Growing up in San Diego, which is super close to O.C., how do the two counties compare?
Each kind of has their own vibe. I grew up in a town called Ocean Beach, which is a very hippie kind of town. Still kind of true to its roots, one of the last old-school vibe towns. What’s good about the O.C. is just the energy that people bring always. In general the beach culture and Southern California, everyone rolls together in that vibe. That’s also something that’s spread around the world globally, the SoCal beach culture, surf roots, rock/reggae vibe. It’s pretty cool to see.
What’s your favorite part about Long Beach?
My favorite part about Long Beach is just the whole Skunk Records crew. Growing up, seeing those guys back in the day from teenagers till now. Miguel Happoldt, Opie Ortiz, all those guys, It’s just cool to go up there every time we’re there, to hang out with our boys that we’ve known for a couple decades. That’s really what we look forward to.
Favorite song to perform in a set?
That’s a tough one. I always like playing “Officer.” “Wicked Rebels” is fun. “Wise Man” is a fun track to play. “Closer to the Sun.” Those are four songs that are always fun, just the message in them and the energy you get from the people. When those songs start to play, there’s something about the songs that elevates people to a certain energy level. It’s fun to play them.
Your last project was Everyday Life, Everyday People. What’s one thing you want fans to get from this one?
Well if you listen to the words of the songs, it’s our experiences through life. What and how we see things, what we’ve gone through from our experiences on the road through our experiences raising our own families. Just like anything, music evolves and people evolve. Like the title says, we’re just regular beach kids that surf, skate, grew up hanging out together and we just happen to play music. There’s nothing different about us except that we’re on a stage preaching a certain message about a lifestyle that we enjoy, that we embrace and try to push to the people.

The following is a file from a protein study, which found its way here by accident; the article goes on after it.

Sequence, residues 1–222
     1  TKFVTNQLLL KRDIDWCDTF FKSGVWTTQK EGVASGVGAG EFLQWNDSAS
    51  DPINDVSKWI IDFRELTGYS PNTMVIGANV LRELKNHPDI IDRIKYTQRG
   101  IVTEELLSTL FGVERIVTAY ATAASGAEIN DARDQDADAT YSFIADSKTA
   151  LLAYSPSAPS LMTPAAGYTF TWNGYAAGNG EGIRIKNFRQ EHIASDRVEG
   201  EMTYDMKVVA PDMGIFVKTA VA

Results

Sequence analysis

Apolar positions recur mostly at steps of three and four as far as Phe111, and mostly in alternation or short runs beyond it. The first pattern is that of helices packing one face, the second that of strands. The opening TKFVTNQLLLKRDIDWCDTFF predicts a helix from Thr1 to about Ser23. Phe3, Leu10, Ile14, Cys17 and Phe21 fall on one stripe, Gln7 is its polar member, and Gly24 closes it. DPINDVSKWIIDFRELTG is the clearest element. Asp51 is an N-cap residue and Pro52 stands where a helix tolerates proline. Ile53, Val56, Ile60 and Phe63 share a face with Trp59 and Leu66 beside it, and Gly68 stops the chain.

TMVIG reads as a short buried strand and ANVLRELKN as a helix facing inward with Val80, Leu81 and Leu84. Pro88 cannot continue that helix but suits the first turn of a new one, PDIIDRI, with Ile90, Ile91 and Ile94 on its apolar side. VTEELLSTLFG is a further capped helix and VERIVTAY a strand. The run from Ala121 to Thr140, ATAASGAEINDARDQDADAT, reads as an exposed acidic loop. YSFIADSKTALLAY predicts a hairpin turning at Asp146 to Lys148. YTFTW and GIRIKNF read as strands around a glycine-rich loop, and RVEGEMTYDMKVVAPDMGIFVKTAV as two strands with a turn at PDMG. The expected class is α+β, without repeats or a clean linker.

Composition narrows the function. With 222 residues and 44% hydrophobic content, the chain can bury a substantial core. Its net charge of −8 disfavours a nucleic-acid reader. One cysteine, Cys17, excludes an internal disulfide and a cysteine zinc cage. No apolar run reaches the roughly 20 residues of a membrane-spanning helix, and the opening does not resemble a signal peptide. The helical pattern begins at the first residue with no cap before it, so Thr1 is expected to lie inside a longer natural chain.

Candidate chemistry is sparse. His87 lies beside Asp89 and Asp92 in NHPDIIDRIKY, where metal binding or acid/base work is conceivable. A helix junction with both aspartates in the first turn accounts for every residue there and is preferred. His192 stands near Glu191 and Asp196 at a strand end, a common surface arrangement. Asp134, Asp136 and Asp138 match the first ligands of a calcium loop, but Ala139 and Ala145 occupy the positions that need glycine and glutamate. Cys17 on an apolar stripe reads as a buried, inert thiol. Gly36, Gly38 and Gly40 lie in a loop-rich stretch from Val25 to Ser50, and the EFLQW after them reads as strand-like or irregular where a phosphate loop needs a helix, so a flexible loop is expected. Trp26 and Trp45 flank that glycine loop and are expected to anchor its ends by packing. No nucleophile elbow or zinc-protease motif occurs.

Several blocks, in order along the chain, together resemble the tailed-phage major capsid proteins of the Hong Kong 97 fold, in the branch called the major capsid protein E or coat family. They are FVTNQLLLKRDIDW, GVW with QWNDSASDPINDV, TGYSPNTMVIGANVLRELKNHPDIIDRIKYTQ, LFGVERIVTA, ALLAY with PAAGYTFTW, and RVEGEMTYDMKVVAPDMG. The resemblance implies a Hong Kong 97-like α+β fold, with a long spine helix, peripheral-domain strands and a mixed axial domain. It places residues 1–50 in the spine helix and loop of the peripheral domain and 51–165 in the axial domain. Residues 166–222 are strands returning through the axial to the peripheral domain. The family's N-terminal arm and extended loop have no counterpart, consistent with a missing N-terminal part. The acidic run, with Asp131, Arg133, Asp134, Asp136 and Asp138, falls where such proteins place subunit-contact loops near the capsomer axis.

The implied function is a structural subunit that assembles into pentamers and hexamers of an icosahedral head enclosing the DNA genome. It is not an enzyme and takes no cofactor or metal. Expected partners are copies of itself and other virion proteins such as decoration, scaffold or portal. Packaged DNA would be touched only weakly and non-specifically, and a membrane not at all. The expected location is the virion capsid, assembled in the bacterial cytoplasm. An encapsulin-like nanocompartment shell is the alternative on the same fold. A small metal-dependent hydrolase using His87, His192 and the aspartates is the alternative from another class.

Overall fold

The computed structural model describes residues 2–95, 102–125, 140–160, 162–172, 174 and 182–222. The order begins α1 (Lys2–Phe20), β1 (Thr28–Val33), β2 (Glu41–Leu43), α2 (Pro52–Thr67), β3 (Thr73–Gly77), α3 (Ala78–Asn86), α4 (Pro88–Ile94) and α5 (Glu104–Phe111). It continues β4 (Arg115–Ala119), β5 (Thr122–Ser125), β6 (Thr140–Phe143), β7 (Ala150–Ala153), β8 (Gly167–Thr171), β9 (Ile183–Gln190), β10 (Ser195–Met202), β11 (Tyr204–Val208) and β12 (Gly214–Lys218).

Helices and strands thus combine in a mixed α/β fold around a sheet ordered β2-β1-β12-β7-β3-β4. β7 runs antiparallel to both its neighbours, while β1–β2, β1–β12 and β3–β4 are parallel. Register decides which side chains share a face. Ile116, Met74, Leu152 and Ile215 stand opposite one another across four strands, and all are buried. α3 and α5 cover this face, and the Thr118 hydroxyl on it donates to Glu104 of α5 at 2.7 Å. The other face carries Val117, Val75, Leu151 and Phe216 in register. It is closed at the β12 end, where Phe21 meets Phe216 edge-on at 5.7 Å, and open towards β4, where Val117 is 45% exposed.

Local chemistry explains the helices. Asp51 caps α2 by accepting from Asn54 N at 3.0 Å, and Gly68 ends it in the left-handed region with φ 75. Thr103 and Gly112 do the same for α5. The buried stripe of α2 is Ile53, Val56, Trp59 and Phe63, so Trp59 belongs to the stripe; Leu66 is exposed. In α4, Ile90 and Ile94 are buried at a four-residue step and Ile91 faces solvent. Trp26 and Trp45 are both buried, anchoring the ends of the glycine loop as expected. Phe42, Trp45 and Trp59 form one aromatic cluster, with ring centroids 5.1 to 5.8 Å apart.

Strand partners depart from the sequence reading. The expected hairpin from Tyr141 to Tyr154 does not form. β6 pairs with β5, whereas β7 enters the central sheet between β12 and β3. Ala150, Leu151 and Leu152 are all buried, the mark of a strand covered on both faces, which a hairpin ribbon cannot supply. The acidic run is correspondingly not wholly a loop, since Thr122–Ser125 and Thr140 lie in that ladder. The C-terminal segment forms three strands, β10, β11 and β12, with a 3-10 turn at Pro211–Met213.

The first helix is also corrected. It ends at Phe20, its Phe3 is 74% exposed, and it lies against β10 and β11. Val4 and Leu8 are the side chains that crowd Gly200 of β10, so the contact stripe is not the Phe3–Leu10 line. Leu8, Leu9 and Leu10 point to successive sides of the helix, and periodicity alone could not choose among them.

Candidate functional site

Talk about creating your own counterculture following through music, art, social action.
We let everything speak for itself as far as not necessarily creating the culture, but just absorbing and embracing it. The way we lived growing up, surfing and skating. Me and Kyle we literally spent our whole lives at the beach as kids, and you can feel it in the music. When we walk out on stage, what you see is what you get. We’re going to be wearing probably some Vans or some Converse. Whatever we wore all day, we just walked right on the stage with the same stuff on. We’re there to have a great time with the fans, party as hard as we can while we’re there with the fans and hit the next town. [laughs]
Best encounter you had with a fan?
Honestly, there’s too many. We have a really amazing fan base: the Stoopidheads. It’s a very organic, grassroots fan base that’s been with us a long time. They travel all over the country. All-year long, they’re at multiple shows so it’s hard to say the best experience. We’re on a first name basis with hundreds of people that we’ve seen along the way over the years. It’s pretty special that what we’re doing affects their lives in a certain way, but we’re also friends with them outside of the music. It’s pretty cool to have that engagement with a lot of the fans.
Your fans have been with you for 20 years, what is it about Slightly Stoopid they love?
I think just our attitude and what we’re talking about. Our energy that we put out. What we’ve talked about in our music, people come up and say it does certain things for their lives. For us, that means everything because what we’re saying that’s affecting our lives, is affecting their lives. It’s really cool to see the message being absorbed the way it is.
Ideal day off?
Being home with my family: my kids and my wife. Let and watch the kids play, surf, whatever they want to do. Go to the beach, play ball, everything. Family time is not to be taken for granted when you live on the road. You miss a million moments. When I’m home, every day off I have a chance I literally try to fly home so I could try to catch a couple of moments.
What are some goals for yourself at this point of your career?
My goal is always just to keep bringing music to the people and keep the energy the same level. I don’t want to be out there just to play. We love to be on stage and play music, so I want it to continue like that as far as my passion for it and always loving what you’re doing. I don’t want to just do it for the sake of doing it, you know? It’s not worth it. Music is a special thing. I don’t care who you are, music reaches everybody. It’s something that’s universal. There’s no borders anywhere in the world that can separate music from people, so it’s pretty cool to see that.
Slightly Stoopid performs at One Love Cali Reggae Fest on Sunday, February 9 at Queen Mary Park in Long Beach.